Contact: Timothy Svoboda, (202) 225-2476
(Washington, D.C.) – Congressman Glenn Grothman (WI-06) has reintroduced the Ending Sanctuary Cities Act to the 117th Congress. This bill will prevent state and local governments that refuse to cooperate with federal immigration authorities from receiving any federal grants. It would also protect state and local governments from federal or state lawsuits brought by illegal aliens. In addition, any law enforcement officer following federal immigration law would be protected from discharge or discrimination from any state or local government with a sanctuary policy.
“Our job is to keep Americans safe and our country secure, and so-called sanctuary cities impede our ability to do just that,” said Grothman. “Not enforcing our current immigration laws is a public safety issue. We need to hold states accountable for disobeying federal immigration laws and harboring criminal illegal aliens who sometimes turn out to be criminals.
“It is more important now than ever to reestablish control of our country’s immigration system. Since President Biden took office, illegal border crossings have skyrocketed. The surge can be traced back to his politically motivated executive orders to stop construction of the border wall system, canceling the agreement with Mexico to hold asylum seekers in Mexico as they await a trial, and his squishy immigration rhetoric that has led some to believe our borders are open.
“The Ending Sanctuary Cities Act will help keep American citizens safe from criminal illegal aliens. This bill will also help law enforcement agents around the country, as well as border patrol agents, by eliminating the incentive to cross the border illegally in hopes of gaining access to a jurisdiction that will not report this illegal behavior.
“If the Biden administration is going to put politics over people, Congress must do its job to ensure Americans do not continue to fall victim to criminal illegal aliens shielded by sanctuary jurisdictions.”
Interior immigration enforcement is necessary to uphold our nation’s laws and is critical to ensuring public safety. When criminal illegal aliens are arrested and determined to be inadmissible or removable from the United States, they should be turned over to immigration enforcement officials. Yet, sanctuary jurisdictions across the country shield these criminal illegal aliens by not cooperating with Immigration and Customs Enforcement and declining to comply with lawfully issued detainers. These dangerous criminals are then released back into communities, putting innocent American lives at risk.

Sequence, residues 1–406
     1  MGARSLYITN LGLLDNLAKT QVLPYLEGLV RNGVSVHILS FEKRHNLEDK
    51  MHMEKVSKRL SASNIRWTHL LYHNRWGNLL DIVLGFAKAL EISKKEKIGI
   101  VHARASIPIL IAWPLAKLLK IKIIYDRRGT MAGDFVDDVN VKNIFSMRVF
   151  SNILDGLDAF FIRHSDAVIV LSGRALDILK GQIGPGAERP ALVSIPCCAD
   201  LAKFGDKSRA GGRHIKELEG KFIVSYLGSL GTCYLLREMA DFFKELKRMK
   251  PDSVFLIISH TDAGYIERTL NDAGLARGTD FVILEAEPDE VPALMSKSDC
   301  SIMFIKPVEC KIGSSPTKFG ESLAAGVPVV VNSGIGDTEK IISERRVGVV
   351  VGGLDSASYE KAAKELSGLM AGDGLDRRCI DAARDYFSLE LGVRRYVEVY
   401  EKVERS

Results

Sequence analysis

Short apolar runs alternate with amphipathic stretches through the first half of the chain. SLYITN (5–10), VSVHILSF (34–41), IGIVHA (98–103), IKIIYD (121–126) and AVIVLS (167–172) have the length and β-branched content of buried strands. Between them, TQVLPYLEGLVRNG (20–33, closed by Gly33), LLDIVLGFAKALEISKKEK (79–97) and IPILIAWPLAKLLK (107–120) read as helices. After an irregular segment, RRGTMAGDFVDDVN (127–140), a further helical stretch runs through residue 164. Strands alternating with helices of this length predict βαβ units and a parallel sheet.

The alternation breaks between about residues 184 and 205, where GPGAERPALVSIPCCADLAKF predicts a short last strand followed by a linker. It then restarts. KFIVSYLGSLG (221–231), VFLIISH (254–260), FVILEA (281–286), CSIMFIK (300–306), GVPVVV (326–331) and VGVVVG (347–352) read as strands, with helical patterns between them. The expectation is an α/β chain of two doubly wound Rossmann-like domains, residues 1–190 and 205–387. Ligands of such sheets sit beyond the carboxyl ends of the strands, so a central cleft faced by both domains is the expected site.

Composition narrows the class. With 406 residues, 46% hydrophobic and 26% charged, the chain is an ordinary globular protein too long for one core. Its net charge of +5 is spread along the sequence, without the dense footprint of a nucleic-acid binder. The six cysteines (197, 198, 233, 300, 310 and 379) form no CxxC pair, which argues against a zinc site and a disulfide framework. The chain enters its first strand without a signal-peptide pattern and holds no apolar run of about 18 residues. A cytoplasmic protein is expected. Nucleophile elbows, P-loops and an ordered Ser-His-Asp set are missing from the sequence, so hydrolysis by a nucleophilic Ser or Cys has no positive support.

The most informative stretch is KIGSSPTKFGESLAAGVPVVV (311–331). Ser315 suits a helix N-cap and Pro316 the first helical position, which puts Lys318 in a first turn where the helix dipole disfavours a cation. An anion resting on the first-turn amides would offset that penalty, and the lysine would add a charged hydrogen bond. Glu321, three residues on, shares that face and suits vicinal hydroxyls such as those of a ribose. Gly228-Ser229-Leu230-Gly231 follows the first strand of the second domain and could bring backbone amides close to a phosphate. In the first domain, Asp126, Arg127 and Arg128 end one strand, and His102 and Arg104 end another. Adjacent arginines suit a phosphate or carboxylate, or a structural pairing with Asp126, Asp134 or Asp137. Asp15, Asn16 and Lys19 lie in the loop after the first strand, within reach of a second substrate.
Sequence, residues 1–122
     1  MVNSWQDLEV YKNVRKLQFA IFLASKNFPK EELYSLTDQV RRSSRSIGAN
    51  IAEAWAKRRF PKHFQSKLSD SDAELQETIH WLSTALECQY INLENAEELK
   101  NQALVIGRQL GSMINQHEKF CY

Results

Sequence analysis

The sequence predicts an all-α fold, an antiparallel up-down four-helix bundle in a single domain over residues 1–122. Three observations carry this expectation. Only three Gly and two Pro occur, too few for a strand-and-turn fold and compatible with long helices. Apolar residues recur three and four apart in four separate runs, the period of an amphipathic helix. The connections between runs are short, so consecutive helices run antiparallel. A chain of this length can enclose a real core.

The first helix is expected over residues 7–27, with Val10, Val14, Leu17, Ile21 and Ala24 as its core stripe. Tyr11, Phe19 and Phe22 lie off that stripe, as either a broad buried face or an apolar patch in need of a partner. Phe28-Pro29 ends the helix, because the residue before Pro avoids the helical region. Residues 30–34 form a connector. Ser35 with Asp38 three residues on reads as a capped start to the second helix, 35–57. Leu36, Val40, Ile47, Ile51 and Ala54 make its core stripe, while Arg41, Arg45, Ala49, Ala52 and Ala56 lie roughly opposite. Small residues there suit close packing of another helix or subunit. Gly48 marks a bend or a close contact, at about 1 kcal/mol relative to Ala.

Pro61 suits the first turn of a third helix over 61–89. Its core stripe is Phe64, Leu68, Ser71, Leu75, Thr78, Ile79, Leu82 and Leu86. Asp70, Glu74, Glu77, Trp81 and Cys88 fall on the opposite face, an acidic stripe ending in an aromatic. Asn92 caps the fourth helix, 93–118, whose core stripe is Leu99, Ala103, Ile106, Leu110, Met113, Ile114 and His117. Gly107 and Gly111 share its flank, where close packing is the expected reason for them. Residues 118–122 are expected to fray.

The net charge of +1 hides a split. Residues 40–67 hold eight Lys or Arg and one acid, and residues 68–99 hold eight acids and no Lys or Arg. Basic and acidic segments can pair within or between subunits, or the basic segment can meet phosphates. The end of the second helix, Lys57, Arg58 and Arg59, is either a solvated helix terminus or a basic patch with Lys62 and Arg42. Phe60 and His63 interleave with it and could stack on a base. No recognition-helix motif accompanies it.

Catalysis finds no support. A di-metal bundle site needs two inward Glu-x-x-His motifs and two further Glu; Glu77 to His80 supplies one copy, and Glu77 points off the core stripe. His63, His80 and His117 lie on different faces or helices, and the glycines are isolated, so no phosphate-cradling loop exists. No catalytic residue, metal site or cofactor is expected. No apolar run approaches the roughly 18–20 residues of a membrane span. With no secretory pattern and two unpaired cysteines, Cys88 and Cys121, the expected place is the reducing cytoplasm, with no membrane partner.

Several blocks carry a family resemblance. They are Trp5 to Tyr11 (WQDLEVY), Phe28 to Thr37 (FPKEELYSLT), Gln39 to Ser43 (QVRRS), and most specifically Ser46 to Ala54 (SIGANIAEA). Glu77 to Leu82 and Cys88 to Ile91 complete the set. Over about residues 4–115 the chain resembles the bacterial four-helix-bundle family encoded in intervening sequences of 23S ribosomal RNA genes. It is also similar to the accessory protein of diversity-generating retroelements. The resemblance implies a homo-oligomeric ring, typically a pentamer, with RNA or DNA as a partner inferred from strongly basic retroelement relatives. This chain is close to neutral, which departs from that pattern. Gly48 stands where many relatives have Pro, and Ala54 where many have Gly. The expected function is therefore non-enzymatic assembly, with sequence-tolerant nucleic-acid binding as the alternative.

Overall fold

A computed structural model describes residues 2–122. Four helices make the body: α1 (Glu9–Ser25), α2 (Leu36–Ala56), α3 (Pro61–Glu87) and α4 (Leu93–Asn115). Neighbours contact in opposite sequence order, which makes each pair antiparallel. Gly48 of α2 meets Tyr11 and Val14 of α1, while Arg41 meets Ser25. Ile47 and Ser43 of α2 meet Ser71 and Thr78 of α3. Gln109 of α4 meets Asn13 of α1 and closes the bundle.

We know all too well the tragic stories of Americans falling victim to criminal illegal aliens in sanctuary jurisdictions. Take the case of a 16-year-old girl who was murdered outside Baltimore in May 2020. Five suspects associated with MS-13 were charged with her murder, two of which Immigration and Customs Enforcement (ICE) had previously issued detainers on. As the Acting Baltimore Field Office Director Francisco Madrigal put it, “this is the worst-case scenario when detainers are not honored”.
Sanctuary jurisdictions should not be rewarded with federal funds when they refuse to cooperate with immigration enforcement officials. In 2017, President Trump issued an executive order stating that federal grants shall not be awarded to sanctuary jurisdictions that willfully refuse to comply with federal immigration law. On day one, President Biden overturned this executive order and subsequently, the Department of Justice ended its policy of conditioning grant funding on cooperation with federal immigration authorities. This comes after then-Senator Biden called for a ban on sanctuary cities.
The Ending Sanctuary Cities Act has nine original cosponsors: Randy Weber (R-TX), Rick Allen (R-GA), Bill Johnson (R-OH), Gregory Steube (R-FL), Debbie Lesko (R-AZ), Billy Long (R-MO), John Joyce (R-PA), Mary Miller (R-IL), and Mark Green (R-TN).
Grothman also introduced the Ending Sanctuary Cities Act in the 116th Congress.
The term “criminal illegal alien” refers to non-citizens who are in the U.S. illegally and have prior criminal charges or convictions and not to illegal or undocumented immigrants as a whole.